“I never really questioned it,” Brendan said. “He said it probably wasn’t going to happen… We’re losing a great assistant coach, but it is what it is. That’s life. I’m sure we'll bring in someone that’s going to do a good job and we’ll move forward and we’re pretty hopeful about our team next year.”

The young protégé has got enough on his plate with off-season weight room, speed clinics and trying to rebuild the team’s participation numbers.

“There’s less and less people who are letting their kids play football and committing to it,” Brian said. “It’s the one sport where you’re practicing five days a week and you’re playing once. It’s hard to get the kids to commit and buy into the program.

“The kids really like him. That’s why it’s going to be a seamless transition for him.”

The Panthers will rely on Anthony Langiulli and Matt Sayegh, who will be second-year captains as seniors, to help take to the team into a new era.

“We have a great group of kids coming up that have been doing a great job of learning, been in the weight room and skill building,” Brendan said. “They are putting in the time and effort, doing the work that’s necessary to become a special football team.”

Brendan has already displayed his all-in commitment to the football program at Edgemont.

“I love that as an athletic director for a coach to be that committed,” DeRosa said. “The program is in a good place with him.”

Another change

Edgemont will again have a handful of players from Keio rejoin the team in the fall.

“Those kids bonded with our kids very well,” DeRosa said. “We would have been disappointed if we couldn’t continue the relationship, but we’re glad to be able to merge with them again.”

The big change is that the Panthers have gone independent from Section 1 for football along with Briarcliff, Hastings, Croton, Rye Neck, Blind Brook and Irvington. Pawling pulled out of the league in favor of playing 8-vs.-8 football with Section 9.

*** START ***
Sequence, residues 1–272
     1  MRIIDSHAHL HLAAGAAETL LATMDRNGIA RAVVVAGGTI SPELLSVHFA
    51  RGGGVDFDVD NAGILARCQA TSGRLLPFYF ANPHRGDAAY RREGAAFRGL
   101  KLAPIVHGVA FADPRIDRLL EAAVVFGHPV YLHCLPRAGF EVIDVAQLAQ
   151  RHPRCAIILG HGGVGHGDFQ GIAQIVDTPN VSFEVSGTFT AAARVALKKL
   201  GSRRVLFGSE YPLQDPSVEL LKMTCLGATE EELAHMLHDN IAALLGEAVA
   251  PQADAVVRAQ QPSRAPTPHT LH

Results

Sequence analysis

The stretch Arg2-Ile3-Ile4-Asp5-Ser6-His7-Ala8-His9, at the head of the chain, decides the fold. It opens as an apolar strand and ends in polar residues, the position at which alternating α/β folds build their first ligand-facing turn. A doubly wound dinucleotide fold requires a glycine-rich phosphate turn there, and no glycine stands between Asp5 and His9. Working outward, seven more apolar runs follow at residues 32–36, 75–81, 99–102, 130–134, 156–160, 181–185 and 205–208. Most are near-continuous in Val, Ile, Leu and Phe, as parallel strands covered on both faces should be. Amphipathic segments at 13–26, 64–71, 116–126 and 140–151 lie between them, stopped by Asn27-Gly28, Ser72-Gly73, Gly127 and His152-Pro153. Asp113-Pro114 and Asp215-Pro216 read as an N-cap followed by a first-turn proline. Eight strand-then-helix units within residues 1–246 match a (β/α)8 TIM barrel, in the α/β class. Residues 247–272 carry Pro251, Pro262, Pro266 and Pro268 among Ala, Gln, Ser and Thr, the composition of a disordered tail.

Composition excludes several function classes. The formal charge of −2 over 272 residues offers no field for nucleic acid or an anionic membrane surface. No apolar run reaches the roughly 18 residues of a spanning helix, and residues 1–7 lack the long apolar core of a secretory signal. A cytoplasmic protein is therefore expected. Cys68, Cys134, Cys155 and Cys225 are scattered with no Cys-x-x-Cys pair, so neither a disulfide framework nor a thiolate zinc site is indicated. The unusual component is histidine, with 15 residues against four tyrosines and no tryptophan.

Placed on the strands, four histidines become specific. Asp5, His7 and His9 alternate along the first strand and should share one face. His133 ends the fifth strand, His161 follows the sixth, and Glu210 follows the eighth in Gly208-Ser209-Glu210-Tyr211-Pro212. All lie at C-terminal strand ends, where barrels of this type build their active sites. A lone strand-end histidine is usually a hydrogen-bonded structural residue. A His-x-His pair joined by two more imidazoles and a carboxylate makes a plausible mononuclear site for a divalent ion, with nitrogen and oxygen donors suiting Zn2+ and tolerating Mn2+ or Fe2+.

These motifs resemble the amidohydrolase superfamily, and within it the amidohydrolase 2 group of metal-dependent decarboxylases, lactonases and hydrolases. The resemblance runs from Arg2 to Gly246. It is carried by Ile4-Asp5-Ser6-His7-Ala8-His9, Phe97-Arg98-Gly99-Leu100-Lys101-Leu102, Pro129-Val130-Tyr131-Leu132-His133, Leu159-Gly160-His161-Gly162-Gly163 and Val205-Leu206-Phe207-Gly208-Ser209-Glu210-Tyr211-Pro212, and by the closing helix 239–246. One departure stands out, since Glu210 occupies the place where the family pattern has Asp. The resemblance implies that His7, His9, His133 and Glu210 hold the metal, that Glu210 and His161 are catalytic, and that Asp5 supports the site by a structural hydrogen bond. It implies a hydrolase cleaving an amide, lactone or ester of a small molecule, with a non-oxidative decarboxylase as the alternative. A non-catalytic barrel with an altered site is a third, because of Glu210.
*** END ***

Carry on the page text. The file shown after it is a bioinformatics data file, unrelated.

“We all have similar needs,” DeRosa said. “We’re trying to, for lack of a better word, ‘save’ football because we’re all struggling with numbers, we’re all small schools. We’re not football schools so to speak, so we think it’s in the best interest of our program. We just can’t compete with the other schools that have J.V. programs and strong programs across the board. It’s the same four or five schools in the mix every year and none of the other schools right now can compete with them.”

The teams will play each other once and had the option of picking up an eighth game during the bye week. A same-site bowl game day is planned for the one-two, three-four and five-six teams to match up to end the season.

“We want to provide our kids with a rewarding experience in football and hopefully we can all build where we can get back into the section and get back to where we can start competing for a section title,” DeRosa said. “We don’t want our kids to get discouraged. We want them to have a rewarding and exciting football experience and we all think this is the best way to achieve this at this time.”


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April 27, 2018